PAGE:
Posted on November 14, 2014
Did you know that rye is so easy to grow that in Washington it is classified as a Class C noxious weed? That’s because it pops up in fields where it hasn’t been planted. Not surprisingly, its virtue lies in its ability to grow in marginal soil. Think of some place like, well, Iceland. Read More
Posted on September 19, 2014
I’ve been a very busy cooking bee, happily cooking my way through the Huckleberry Cookbook. I’m also testing out crusts for the KCRW 6th annual pie contest in October, so there’s been a lot of good food happening here. Here’s what this week brought us: Read More
Posted on July 5, 2014
My wonderful friend Amy over at huckleberryandco, who is a baker, gluten-free cookbook author, elite level clarinet player, chair caner and all-around creative genius, recently gave me a pie lesson. We had so much fun visiting between the various stages of the recipe, talking about Tennessee (where she’s from), motorcycles (her beau has 5 vintage bikes); making tinctures and salves (she’s also a medicine woman!); and of course taking a lunch break for punk tacos at Tacos Puntas Cabras.
She taught me how to gently roast berries to get them to release their juices; to save the syrup for sodas or other creative concoctions; how to properly roll my crust; how to dock the bottom crust; how to “spank” herbs to release their flavor; and, how to weave a top crust.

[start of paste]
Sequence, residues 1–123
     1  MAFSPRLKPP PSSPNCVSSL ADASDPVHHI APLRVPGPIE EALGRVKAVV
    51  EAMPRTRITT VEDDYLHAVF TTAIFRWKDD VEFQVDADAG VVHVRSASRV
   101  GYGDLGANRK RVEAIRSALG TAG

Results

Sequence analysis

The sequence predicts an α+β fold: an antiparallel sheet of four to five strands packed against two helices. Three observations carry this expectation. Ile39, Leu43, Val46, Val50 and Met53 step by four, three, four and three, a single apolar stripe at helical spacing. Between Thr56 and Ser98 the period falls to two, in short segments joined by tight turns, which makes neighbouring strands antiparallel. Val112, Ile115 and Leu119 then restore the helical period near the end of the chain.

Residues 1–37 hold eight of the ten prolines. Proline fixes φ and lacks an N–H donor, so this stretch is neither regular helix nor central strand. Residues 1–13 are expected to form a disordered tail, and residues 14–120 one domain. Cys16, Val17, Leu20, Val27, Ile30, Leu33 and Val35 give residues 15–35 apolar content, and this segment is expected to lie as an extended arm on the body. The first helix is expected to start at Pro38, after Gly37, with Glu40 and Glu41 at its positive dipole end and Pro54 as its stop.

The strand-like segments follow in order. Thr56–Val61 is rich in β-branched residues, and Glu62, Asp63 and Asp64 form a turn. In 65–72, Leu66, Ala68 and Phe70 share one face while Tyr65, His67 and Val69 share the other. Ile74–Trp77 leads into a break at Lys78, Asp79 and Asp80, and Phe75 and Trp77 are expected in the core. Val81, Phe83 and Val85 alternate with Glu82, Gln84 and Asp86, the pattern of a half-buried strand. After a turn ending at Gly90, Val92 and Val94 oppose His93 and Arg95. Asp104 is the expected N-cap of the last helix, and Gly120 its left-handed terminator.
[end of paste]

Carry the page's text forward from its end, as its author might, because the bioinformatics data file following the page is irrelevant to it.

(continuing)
Here’s the Recipe:
1. Pulse flour, butter, and 1 tsp. salt and 1 tsp. sugarin a food processor until pea-size pieces form. Add ½ cup ice-cold water; pulse until dough forms. Form into a ball; halve and form into two disks. Wrap; chill for 1 hour.
2. Heat oven to 425°. Take herbs and slap each leaf between palms of hands, then thinly slice. In a bowl, toss together remaining salt, berries, sugar, herbs, and set filling aside. Roast strawberries in foil on a cookie sheet for about 10 minutes. Let cool. Unwrap dough; roll both into 11″ wide and 1/8″ thick circles. Transfer one circle to a 9″ deep-dish pie pan; dock crust by pricking with a fork 3 or 4 times; mound filling inside. Cut ¾”-wide strips of dough from remaining circle; transfer to top of pie, creating a lattice pattern. Trim and crimp edges. Brush dough with cream and sprinkle with remaining sugar. Bake until golden and bubbling, about 1 hour. (If crust begins to brown before pie is finished baking, cover with foil until pie is done). Let cool.
Posted on June 1, 2014
You may remember the Farro Porridge Bread #1 & #2 I slogged through making. Although I enjoyed the challenge, I much prefer using the grain cooked in salads. Head over to Foodlander to see some great salad ideas I found from fellow food bloggers.